The CEO of Global Rapid Rugby reflects on how the coronavirus crisis will change rugby
Mark Evans: “We are about to witness a total reset of the global game”
The impact of the global pandemic on the rugby world can hardly be overemphasised; it will bring about as much, if not more, change and disruption as the events of 1995 when the game went professional overnight.
The effect of massively reduced broadcast, gate and sponsorship revenues means there will be a premium placed on strong balance sheets and large cash reserves. With a handful of notable exceptions, there are very few governing bodies with either whilst the situation at club/provincial level is even more acute.
Meanwhile, private equity companies circle the game offering much-needed cash in return for a stake and influence in competitions and leagues. Many private owners of English and French clubs are being hit hard in their core busInesses and so will look at their loss-making rugby businesses in a new light.
There will be individual casualties; USA Rugby are only the first of several rugby organisations that will have to opt for administration. A number of clubs and Rugby Australia look vulnerable. But it will not simply be the case of a few going to the wall; it will be far more systemic. In short, we are about to witness a total reset of the global game.
This may not be a bad thing. In France and England there will never be a better time to get some linkage between revenues and cost. Players taking 25% cuts will just be the first step. Player wages are only heading in one direction – it will be a buyers’ market and the two most resilient markets (France and Japan) have a quota system for overseas players, so there are limited places.
Some will jump ship but numbers will be low, particularly if governing bodies can continue to hold out the carrot of international rugby only being available to those in their domestic leagues. The days of English clubs spending £9m on players are gone and may never return.
This will be accompanied by a reduction in the salaries and numbers of coaches, administrators and support staff. In turn, there will be fewer lucrative contracts dangled in front of southern hemisphere coaches and players, which will stabilise their competitions. Ideally some other equalisation measures, such as a collective bargaining agreement, will emerge in the European game, along with closed leagues and fewer games.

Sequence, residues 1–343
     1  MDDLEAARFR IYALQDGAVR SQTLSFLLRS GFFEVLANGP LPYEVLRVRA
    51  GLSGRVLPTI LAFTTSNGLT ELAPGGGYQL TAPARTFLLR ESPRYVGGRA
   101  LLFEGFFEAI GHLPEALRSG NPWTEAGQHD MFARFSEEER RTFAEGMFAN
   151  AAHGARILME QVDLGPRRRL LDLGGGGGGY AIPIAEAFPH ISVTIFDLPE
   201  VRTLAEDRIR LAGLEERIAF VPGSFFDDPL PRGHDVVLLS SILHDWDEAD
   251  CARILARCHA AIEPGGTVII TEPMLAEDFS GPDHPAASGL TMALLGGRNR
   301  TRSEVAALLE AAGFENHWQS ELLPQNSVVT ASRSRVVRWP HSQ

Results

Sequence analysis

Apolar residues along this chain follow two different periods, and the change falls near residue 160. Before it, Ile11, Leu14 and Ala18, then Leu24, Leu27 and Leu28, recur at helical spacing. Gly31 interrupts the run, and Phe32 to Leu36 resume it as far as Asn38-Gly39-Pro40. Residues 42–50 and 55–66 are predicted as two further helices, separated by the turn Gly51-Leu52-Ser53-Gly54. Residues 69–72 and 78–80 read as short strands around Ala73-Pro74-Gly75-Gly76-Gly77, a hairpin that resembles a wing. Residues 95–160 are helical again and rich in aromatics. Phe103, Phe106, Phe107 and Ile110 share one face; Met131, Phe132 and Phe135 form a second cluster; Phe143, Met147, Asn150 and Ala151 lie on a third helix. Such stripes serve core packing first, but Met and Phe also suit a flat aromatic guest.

The dog’s breakfast of scheduling that the UK rugby fan has to put up with will be fundamentally changed. It currently runs – league, Europe, Tests, league, Europe, Six Nations, league, Europe, league, Tests. This will be rationalised and made to make far more sense. Ideas like shifting the Six Nations will return to the agenda.
Whole competitions, such as Super Rugby, will undergo an overhaul and look totally different going forward. The long-awaited move to competitions in the same time zones will gather strength. There will be more emphasis on domestic rugby, putting EPCR under pressure, as well as renewed efforts to better coordinate the hemispheres and move towards a global season. Nothing will be off the table.
Meanwhile, there is the question of the supply chain. Like all professional sports, rugby has relied on broadcast revenues to fund operations. All other revenues are relatively small in comparison. It’s hard to see how this can continue uninterrupted.
Already some of the Australasian broadcasters are making ominous noises and they will not be alone. If there are casualties amongst the major broadcasters, or simply a fundamental revaluation of sports rights, rugby will not be immune.
Some observers seem to feel it is a question of hanging on until normal service and revenues are resumed. That looks highly unlikely and wildly optimistic. This is not a temporary blip – it’s an earthquake that will transform the sports landscape in terms of structures, remuneration and ownership.
This article appears in the June 2020 edition of Rugby World magazine.
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